Square and flat braids, also how to make a slit in the braid, to be a buttonhole or loop at one or both ends of the braid. Children 10.5 or 11 and older can learn it (the ring finger hasn't developed enough til then). After learning 5-loop square and flat braids, go up to 7 loop square and flat braids. (not the same as the 7-loop spanish braid of my other videos, it has twice as many moves as these braids.) Then you'll be able to learn 9-loop square and flat braids (my favorites!)
2-loop and 3-loop braids. Fun and quick to do. 3-loop braids make great friendship bracelets, shoelaces, decorative ribbons, strong cordage. These are 6-strand braids, twice as intricate as a pigtail braid. Can be made round, flat or divided (two braids at once).
2-loop braids are even easier--just one move that repeats over and over. Makes a flat, though somewhat curly, 4-strand braid.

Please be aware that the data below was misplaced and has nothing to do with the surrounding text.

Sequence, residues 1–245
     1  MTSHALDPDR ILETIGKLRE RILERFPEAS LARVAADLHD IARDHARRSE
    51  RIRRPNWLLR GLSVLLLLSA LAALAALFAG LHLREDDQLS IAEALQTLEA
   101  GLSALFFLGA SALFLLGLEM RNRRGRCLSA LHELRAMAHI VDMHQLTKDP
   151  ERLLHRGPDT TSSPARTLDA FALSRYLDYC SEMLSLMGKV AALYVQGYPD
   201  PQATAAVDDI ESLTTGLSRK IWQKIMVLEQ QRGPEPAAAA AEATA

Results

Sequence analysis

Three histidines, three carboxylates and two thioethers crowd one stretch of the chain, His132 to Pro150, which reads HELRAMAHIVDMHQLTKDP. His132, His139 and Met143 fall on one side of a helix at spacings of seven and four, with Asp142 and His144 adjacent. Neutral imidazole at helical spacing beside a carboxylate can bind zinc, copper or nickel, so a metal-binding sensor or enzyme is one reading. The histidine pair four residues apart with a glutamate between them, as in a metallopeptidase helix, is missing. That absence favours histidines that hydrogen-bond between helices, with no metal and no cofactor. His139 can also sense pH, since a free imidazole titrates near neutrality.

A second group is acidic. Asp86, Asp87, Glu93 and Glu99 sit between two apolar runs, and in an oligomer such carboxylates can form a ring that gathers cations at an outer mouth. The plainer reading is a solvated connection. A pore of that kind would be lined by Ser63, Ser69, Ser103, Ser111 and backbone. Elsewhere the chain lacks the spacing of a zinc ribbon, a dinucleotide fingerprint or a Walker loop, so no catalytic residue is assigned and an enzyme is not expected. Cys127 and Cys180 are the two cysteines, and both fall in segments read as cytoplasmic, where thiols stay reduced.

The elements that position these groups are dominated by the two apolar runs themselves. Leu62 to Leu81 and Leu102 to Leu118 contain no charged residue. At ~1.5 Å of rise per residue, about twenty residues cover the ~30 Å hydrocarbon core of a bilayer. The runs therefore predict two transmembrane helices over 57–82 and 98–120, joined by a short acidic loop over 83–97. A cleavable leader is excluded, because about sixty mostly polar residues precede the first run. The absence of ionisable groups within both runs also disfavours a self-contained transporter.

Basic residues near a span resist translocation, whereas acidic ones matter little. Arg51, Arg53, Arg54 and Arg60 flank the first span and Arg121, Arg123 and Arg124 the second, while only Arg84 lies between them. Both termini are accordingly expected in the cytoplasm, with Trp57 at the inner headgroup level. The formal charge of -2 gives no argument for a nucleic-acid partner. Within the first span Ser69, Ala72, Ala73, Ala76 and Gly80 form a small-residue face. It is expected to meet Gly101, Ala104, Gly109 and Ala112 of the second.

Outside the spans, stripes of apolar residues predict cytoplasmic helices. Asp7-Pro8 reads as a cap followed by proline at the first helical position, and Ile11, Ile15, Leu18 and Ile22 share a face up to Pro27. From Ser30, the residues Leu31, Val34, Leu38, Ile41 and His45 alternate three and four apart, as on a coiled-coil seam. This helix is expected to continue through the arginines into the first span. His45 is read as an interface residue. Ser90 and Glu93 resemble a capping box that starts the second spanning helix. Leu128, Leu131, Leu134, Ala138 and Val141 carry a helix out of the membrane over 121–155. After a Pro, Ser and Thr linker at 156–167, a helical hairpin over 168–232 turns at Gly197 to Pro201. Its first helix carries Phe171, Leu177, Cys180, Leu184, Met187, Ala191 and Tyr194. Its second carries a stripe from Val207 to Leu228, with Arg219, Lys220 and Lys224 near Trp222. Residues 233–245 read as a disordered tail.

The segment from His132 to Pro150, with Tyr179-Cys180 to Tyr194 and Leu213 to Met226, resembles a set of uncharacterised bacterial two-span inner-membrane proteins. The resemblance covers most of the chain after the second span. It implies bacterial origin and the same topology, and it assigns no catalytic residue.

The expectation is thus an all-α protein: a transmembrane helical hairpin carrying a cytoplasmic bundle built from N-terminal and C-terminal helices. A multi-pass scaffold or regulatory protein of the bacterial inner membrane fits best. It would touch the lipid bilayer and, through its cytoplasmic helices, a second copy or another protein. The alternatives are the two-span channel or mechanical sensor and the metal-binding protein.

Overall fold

You can teach the 3-loop braid to kids as young as 8 years of age if they are interested, and even some adept 7-year olds if they are stubborn and determined. I haven't yet tried teaching the 2-loop braid to young children--its one move, while easy for an adult, might not be so easy for younger children.
Re teaching children: For the 3-loop braid, a child under age 7 probably isn't physically ready to learn it (even if s/he is super-smart, can already crochet, fingerknit, etc!) The index and middle fingers still haven't physically developed enough to work independently. (the fingers work together in knitting, etc, not separately).
It's the same thing for 5-loop braids. Around 10 and a half or 11, kids start to be able to use the ring finger independently of the middle finger. Before then it's just frustrating to try to learn a 5-loop braid, after that it's fun and easy. (This is a physical milestone, not a mental one, it doesn't depend on how smart the the child is, or whether s/he can already knit, etc!)
If a child has been braiding with 3 loops (or maybe playing piano?) for a long time s/he may be able to move up to 5 loops sooner than age 10, though.